But the importation of doctors is even more critical in meeting supply needs than in providing lower costs. According to the 2005 Census, the U.S. had an estimated availability of 2.4 doctors per 1,000 population (the number was 3.3 in leading developed countries tracked by the OECD). Comprehensive coverage of the over 45 million uninsured today will require that they can access doctors and related medical personnel. An IOU that cannot be cashed in is worthless. Massachusetts ran into this problem: Few doctors wanted (or were able, given widespread shortages in many specialties) to treat many of the patients qualifying under the program. The solution lies in allowing imports of medical personnel tied into tending to the newly insured. This is what the Great Society program did in the 1960s, with imports of doctors whose visas tied them, for specific periods, to serving remote, rural areas. U.S.-trained physicians practicing for a specified period in an “underserved” area were not required to return home. It is time to expand such programs – for instance, by making physicians trained at accredited foreign institutions eligible for such entry into the U.S. But in order to do this, both Democratic candidates will first need to abandon their party’s antipathy to foreign trade.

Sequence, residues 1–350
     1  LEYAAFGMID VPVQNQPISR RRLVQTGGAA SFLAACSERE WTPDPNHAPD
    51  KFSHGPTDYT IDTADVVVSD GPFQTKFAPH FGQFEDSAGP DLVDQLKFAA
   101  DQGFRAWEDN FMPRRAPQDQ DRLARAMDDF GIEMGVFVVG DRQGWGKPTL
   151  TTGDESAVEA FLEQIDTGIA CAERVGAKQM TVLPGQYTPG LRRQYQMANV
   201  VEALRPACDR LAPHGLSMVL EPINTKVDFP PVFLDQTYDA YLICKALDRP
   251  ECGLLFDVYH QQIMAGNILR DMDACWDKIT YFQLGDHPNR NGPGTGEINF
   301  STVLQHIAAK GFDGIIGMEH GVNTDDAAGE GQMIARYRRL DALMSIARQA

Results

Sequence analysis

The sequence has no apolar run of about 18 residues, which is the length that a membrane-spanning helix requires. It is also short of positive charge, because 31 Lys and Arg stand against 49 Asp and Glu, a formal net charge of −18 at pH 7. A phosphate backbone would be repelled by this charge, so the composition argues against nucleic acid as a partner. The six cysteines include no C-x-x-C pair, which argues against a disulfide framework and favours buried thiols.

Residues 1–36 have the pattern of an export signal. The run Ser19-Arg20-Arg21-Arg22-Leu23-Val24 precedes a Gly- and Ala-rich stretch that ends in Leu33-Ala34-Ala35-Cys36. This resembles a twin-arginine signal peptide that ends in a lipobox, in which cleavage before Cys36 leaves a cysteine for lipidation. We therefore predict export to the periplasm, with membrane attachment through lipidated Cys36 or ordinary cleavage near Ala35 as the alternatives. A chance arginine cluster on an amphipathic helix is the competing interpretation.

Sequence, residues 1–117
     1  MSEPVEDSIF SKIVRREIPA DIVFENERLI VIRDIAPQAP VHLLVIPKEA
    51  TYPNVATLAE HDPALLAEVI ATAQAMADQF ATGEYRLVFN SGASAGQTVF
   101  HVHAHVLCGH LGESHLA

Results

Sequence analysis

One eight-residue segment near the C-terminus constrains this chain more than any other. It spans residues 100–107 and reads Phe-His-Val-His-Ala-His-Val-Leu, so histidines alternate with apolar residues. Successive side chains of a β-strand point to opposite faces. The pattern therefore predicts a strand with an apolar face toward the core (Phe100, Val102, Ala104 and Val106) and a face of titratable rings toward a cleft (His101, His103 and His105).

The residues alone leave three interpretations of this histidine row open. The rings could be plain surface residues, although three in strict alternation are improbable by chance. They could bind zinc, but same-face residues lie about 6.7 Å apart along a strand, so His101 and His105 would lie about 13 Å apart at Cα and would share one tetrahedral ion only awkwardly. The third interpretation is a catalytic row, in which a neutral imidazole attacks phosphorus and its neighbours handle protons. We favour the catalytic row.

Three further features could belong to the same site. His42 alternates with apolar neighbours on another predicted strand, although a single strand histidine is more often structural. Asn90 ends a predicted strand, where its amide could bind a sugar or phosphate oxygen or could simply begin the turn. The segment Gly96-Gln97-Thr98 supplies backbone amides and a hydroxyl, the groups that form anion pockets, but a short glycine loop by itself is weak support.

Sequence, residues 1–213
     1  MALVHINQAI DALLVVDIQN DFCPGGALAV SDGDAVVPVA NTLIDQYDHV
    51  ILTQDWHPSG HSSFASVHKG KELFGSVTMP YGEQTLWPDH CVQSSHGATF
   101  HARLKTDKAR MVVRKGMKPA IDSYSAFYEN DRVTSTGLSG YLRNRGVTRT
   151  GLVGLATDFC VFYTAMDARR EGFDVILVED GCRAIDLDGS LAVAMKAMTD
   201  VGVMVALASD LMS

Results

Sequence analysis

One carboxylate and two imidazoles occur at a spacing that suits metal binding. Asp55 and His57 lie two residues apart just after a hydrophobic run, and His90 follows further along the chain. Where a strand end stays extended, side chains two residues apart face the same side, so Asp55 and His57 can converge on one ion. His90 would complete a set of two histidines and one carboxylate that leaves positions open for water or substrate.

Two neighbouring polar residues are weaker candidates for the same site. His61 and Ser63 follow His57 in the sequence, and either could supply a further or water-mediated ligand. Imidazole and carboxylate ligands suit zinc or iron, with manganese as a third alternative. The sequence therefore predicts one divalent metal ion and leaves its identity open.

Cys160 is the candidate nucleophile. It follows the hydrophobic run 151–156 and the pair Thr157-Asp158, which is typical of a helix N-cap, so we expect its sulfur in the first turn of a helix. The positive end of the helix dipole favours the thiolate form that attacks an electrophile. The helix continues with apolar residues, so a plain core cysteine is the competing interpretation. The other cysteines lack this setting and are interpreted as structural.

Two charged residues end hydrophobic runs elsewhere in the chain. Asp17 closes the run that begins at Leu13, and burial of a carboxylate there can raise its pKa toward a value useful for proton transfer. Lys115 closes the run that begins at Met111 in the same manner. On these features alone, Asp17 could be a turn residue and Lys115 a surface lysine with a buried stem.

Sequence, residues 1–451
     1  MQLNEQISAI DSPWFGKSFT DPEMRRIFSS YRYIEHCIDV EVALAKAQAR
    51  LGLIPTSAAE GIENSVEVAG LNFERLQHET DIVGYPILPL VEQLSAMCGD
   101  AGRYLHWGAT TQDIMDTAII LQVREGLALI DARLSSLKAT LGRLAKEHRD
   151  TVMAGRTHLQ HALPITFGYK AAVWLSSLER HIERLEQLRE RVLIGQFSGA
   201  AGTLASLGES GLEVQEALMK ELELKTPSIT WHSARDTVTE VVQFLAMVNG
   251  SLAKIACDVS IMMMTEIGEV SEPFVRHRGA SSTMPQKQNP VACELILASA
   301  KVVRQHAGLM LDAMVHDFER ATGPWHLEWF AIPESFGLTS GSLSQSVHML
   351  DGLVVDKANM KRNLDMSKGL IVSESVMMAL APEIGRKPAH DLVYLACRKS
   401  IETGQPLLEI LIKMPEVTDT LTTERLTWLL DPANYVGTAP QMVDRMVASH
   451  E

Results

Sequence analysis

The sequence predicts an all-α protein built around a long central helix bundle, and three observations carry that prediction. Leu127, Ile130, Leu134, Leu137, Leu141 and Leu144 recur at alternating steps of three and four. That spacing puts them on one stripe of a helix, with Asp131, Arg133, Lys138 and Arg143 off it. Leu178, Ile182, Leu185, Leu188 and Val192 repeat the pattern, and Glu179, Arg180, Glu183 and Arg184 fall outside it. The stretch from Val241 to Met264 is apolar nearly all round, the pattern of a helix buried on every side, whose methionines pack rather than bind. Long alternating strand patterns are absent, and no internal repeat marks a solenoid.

The late Milton Friedman would likely be impressed. Not only was he a proponent of free trade, his diagnosis of the health care issue was often that we needed more competition among doctors. This plea also reminds me of what Dean Baker has often argued.
But I must protest the last line in this oped. Some liberal Democrats (e.g., yours truly) do not have an antipathy to the free mobility of workers. Bhagwati and Madan have an excellent proposal that I hope Barack Obama decides to adopt.